|“||Steamer. Powerful, steam-propelled warship resistant to building fire that can train units, construct docks and gather fish.||”|
The Steamer is a military naval vessel in Age of Empires III: Definitive Edition that is exclusive to the United States and Mexicans, replacing the standard Galleon, and can be trained at the Dock once the Fortress Age is reached. Although similar in function, it has more hit points, and has the ability to gather from fishes and whales, and build Docks.
The Steamer is a moderately fast and powerful military ship that is able to garrison soldiers. Much like the Galleons, the Steamers are classified as siege units, making them resistant to defensive structures; Outposts and Town Centers deal half damage against them. This makes them effective in both combat and transportation. They can also be used to train military units and build Docks on any coastline, making logistics more convenient.
- Full Steam: The Steamer sets its engines to full power for 8 seconds, during which its speed is increased by 40%. 90 seconds cooldown.
The Steamer must be close to the shore to train the units, and will also be unable to move and attack while doing so.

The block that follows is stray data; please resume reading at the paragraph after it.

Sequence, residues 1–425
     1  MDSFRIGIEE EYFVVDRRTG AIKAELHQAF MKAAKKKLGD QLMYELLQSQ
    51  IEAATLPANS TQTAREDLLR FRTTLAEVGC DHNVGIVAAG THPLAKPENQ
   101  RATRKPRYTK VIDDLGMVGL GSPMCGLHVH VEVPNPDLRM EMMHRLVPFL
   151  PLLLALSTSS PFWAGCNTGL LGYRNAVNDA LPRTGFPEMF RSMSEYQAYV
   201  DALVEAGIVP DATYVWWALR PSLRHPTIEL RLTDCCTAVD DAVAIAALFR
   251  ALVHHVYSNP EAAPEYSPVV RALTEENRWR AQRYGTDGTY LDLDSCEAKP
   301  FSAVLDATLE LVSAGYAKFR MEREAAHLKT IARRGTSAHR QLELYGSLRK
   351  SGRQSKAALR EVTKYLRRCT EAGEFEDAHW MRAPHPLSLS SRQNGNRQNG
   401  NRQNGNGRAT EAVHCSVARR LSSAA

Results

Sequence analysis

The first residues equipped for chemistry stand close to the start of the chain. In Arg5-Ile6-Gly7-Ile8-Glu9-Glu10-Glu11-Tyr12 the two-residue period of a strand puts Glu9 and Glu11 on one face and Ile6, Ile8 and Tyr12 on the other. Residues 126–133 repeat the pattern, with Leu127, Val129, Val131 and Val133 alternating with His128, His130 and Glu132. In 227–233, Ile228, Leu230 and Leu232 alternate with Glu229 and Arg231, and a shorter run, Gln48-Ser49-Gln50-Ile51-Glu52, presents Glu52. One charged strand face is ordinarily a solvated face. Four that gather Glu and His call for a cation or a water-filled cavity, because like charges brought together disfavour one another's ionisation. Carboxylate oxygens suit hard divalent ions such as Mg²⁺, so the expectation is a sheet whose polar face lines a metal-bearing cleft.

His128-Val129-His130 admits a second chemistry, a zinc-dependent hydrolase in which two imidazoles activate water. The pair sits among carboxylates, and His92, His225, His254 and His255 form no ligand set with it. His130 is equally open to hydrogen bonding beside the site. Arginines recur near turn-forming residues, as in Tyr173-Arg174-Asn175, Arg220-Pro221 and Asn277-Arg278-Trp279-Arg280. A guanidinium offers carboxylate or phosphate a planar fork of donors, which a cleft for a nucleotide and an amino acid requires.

|State Militia||50 food,
|Carbine Cavalry||80 food,
|Unit strengths and weaknesses|
|Strong vs.||Ships, infantry close to shore|
|Weak vs.||Artillery especially Culverins, defensive structures|
|Hit points||Armor Plating (+50%)|
|Sight||Town Watch (+2)|
|Train cost||Mapuche Ad-mapu (-10% coin cost)|
Home City Cards
- Click for a list of Home City Cards related to the Steamer
- Green: TEAM Shipment that is sent to each player in a team
|TEAM Improved Warships||Warships get +15% hit points and attack|
|TEAM Shivaji's Tactics||All units get +5% hit points and attack|
|TEAM Cold Water Port||Warships cost -15%|
|TEAM Inquisition||All units get +10 LOS|
|“||As the nation-states of the Western Hemisphere entered a period of greater industrialization, many began to harness the force of steam power. While useful in many spheres of life, steam power revolutionized naval navigation because it lessened or outright removed the reliance of vessels on manpower, currents, or the wind. The United States made ample use of this technology, and steamboats soon traversed waterways such as the Mississippi River, the Great Lakes, and the oceans in droves.||”|
- Galleon – European counterpart
- Fluyt – Dutch counterpart
- Fuchuan – Chinese analogue
- Atakabune – Japanese counterpart